Cranium Comics

Stories that get in your head.

Comic Book Workshop a Success!

I was recently contacted by a local daycare to put on a Comic Book Workshop for campers ranging from 5-12 years of age. I was given no distinct direction to the project, however both the event coordinator and I agreed that it would be great to introduce comics to children who are unfamiliar with them and possibly those who are not yet fans of reading books.

An Introduction

anthony_folioThe class was made up of 17 children and lasted for two hours. Because there was a heavier dose of girls than boys, I decided to focus my first drawing on creating something more suited to their sensibilities. Hello Kitty came to mind as it fit well within the age range I was targeting. So as not to bore the older boys in the room, the next sketch was a depiction of Captain America. The day started with a basic introduction. I shared with the class who I was and what I do as the creator of Cranium Comics, then showed examples of my work. From there, I made sure to show examples of other comics, graphic novels, and Manga. I wanted these kids to know that comics are accessible at just about every local library, book store, or comic shop. I made sure to share fliers announcing Yomicon, a local manga/cosplay event happening at a library not too far from the daycare. After they were familiar with everything I presented, I answered questions before moving on.

Developing a Character

anthony_helpBeyond the final product I produce, we talked about the process I use to create my art, which includes the story, artwork, and coloring. That helped frame the hands-on part of the workshop. I outlined three things they were going to do: 1) Draw a character 2) Create a story, then 3) Build their very own comic.

Drawing each character involved step-by-step artwork I had generated the night before (3 each for Hello Kitty and Captain America). The first step was essentially the basic shapes and lines – essentially the underlying structure of the character. The second step involved adding weight and/or shape to the basic sketch. The final step was to darken the lines (inking), then coloring the final product. Because we were limited by the supplies available on hand, we used pencils, crayon and water soluble markers. Once the children were comfortable with the basic building blocks of creating a character, I moved onto having them come up with their own story.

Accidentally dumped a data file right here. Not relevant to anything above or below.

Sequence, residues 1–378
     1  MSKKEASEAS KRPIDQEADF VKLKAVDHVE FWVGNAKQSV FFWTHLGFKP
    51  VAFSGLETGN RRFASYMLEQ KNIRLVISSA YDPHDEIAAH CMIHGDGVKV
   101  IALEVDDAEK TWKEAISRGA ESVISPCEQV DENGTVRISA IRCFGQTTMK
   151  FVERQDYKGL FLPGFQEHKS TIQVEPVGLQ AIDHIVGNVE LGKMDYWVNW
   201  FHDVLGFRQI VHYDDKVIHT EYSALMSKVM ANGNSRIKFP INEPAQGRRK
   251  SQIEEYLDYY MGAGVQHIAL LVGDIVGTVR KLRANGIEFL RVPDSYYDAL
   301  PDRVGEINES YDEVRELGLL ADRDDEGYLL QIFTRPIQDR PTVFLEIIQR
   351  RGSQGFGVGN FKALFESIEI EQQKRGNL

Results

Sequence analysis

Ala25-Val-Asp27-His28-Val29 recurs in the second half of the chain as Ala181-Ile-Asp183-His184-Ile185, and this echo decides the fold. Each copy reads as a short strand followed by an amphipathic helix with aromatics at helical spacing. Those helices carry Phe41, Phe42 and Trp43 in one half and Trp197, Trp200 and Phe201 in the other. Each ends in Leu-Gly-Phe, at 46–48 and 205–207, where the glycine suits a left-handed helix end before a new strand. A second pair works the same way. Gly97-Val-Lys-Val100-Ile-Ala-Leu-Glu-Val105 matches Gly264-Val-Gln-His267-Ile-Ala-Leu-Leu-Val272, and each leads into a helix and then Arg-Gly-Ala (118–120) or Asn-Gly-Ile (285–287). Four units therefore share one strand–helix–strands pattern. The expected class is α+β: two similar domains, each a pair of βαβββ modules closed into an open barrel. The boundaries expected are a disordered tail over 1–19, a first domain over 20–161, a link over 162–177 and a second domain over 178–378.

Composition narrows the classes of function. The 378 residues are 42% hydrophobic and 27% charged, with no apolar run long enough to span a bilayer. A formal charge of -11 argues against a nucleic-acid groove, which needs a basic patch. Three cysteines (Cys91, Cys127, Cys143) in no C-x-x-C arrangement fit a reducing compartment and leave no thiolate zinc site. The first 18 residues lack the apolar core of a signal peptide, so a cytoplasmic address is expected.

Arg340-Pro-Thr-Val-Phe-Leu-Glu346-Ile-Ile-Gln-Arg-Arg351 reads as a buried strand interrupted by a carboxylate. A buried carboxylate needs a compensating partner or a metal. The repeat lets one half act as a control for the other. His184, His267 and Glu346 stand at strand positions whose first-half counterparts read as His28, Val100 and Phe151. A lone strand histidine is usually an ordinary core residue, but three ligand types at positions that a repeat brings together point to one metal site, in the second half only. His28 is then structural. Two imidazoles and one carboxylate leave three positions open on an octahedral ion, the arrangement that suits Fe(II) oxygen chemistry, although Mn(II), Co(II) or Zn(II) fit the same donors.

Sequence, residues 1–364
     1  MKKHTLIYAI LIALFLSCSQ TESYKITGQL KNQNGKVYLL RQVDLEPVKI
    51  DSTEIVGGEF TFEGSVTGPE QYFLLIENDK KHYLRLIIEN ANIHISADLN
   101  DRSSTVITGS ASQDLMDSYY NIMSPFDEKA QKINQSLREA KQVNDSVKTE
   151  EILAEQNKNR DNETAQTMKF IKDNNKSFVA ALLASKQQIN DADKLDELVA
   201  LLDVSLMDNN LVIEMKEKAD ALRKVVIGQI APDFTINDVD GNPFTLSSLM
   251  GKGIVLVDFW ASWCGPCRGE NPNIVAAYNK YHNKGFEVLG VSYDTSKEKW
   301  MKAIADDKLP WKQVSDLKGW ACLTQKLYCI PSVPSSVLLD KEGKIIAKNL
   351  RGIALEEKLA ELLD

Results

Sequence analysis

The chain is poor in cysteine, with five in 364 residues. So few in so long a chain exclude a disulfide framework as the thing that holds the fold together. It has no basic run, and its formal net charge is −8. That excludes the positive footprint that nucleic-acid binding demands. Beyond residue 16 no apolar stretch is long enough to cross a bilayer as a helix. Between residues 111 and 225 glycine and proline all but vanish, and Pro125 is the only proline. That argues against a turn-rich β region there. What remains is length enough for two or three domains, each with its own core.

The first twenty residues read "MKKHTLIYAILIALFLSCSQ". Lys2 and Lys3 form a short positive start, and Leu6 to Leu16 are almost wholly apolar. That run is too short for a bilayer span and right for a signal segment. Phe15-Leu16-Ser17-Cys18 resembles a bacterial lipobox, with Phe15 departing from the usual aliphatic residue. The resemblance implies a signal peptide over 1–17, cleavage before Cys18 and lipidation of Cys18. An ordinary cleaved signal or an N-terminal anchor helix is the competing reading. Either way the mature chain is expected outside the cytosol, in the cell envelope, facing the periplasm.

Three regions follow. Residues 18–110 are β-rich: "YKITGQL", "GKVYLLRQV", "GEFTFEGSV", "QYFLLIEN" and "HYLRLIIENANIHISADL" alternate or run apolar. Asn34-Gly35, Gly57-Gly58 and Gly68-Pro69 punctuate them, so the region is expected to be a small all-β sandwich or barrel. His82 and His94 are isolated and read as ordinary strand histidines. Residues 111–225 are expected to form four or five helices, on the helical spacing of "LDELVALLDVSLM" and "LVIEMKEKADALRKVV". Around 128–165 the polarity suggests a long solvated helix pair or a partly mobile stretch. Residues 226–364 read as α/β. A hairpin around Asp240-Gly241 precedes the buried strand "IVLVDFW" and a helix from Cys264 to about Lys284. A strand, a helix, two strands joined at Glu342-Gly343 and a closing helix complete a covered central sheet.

Creating a Unique Comic

boys_comicI provided printouts of comic layouts for them to use as a starting point. These were basic 8.5″ x 11″ sheets of paper printed front and back with comic panels for the kids to fill in themselves. The cover of the mini-comic consisted of the title “Amazing Comics” whereas the back had a variant cover with a somewhat more whimsicle title. The class really enjoyed developing their own stories and creating their own art. Some of the students actually decided to share the responsibility of writing and drawing, swapping ideas & artwork between two and sometimes three people. Ideas ranged from fire-breathing lizards with special powers to fairy princesses and giant polar bears.

Coloring Their Work

workshopWe then moved on to coloring the comics. Many of the kids dove right in, using the trays of crayons the daycare provided before migrating to colored pencils. Although there were a variety of skill levels in the group, all showcased great, expressive designs. Each had their own personal story to tell and I found that allowing them to share and articulate their vision with me was a great exercise.


I was impressed with how well the kids followed along with my rendering both the Captain America and Hello Kitty artwork. It was really neat to see how their imaginations took over to form their own ideas. We all had a lot of fun and the kids were able to take something away with them about creating their own stories and art.

A PDF of the comic worksheet used during the class can be downloaded by right-clicking and saving comic_pages_final.pdf

2 Responses to “Comic Book Workshop a Success!”

  1. I wish we had one of these in our area! I live in Perry, GA. Where was this camp located? My 10 year old loves to create comics!!!

  2. It’s located in Austin, Texas. If you send me your email address, I can make sure you get a copy of the PDFs I created for the course. It’s really been a lot of fun and I’ve done it for several groups now. I’ll make sure I take pictures of the next one and post a short article again.

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